Morphological and Nanomechanical Characterization of Industrial and Agricultural Waste–Modified Asphalt Binders

For the past several decades, researchers around the world have used nanoindentation techniques to characterize different materials for biological, medical, and polymer science applications. In recent years, nanoindentation techniques have been explored by some pavement professionals to characterize asphalt materials. This study used the atomic force microscope (AFM)–based PeakForce quantitative nanomechanical mapping (PFQNM) technique to evaluate nanoscopic properties of asphalt binders modified with four different types of industrial and agricultural waste materials, which included ground tire rubber (GTR), reclaimed asphalt pavement (RAP), reclaimed asphalt shingles (RAS), and rice husk ash (RHA). Three scan sizes (20 × 20, 10 × 10, and 5 × 5 µm) were used to map the properties of the aforementioned binder samples. Mechanistic properties such as adhesion, energy dissipation, deformation, and Derjaguin, Muller, and Toropov (DMT) moduli of modified binder samples were estimated at different morphological phases. The PFQNM analyses revealed distinct microstructures and grain distributions among tested additive-modified binder samples. The GTR-modified samples exhibited two distinct phases, namely, Catana and Peri phase, but the other additives provided another called the Perpetua phase. Mechanistic properties of the asphalt samples in the Catana and Peri phases were found to be similar but different for the Perpetua phase. The DMT moduli varied from 70 to 800 MPa, and the adhesion ranged from 8 to 12 nN. Among the four additives, RHA reduced the hardness of the asphalt binder unlike the others. The dissipation energy of the binder samples was found to be related to the adhesion, whereas the hardness depended on the depth of deformation. Demonstrations of quantitative mappings of the nanomechanistic properties of asphalt binders are expected to help build an understanding of the underlying sciences.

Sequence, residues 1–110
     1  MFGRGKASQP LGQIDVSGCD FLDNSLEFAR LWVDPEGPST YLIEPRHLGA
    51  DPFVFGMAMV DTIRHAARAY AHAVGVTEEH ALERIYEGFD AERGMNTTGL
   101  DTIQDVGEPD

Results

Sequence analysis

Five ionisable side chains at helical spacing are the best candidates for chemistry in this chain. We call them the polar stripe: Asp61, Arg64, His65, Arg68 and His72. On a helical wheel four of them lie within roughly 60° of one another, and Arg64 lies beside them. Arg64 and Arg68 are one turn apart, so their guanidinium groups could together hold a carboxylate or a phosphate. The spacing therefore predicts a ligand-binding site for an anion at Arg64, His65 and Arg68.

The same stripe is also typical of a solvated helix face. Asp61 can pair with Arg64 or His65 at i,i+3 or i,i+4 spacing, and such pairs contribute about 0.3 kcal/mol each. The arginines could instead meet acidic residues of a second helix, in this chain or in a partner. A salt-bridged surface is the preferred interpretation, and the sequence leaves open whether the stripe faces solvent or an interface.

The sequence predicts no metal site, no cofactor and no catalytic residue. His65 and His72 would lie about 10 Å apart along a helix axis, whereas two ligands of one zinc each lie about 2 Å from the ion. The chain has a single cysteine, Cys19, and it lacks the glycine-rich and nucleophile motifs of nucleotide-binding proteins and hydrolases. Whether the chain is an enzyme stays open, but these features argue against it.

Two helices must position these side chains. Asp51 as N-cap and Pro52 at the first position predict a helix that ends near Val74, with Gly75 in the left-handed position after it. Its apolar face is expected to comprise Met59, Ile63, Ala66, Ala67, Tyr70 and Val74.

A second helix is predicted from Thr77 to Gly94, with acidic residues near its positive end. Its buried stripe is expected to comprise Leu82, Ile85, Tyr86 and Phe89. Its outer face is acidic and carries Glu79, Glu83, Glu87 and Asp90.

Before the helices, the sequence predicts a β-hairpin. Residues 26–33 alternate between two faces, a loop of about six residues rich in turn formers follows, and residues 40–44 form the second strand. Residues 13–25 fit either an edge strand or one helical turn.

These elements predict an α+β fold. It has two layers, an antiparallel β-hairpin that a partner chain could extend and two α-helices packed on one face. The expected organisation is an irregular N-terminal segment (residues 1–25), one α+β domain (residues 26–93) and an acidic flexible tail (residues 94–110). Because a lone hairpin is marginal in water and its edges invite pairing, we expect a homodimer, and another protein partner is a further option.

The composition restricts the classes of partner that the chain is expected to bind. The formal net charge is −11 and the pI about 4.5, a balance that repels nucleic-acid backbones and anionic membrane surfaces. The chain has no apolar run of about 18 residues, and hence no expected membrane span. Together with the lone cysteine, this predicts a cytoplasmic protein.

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  • Accession Number: 01609051
  • Record Type: Publication
  • Files: TRIS, ASCE
  • Created Date: Aug 26 2016 3:04PM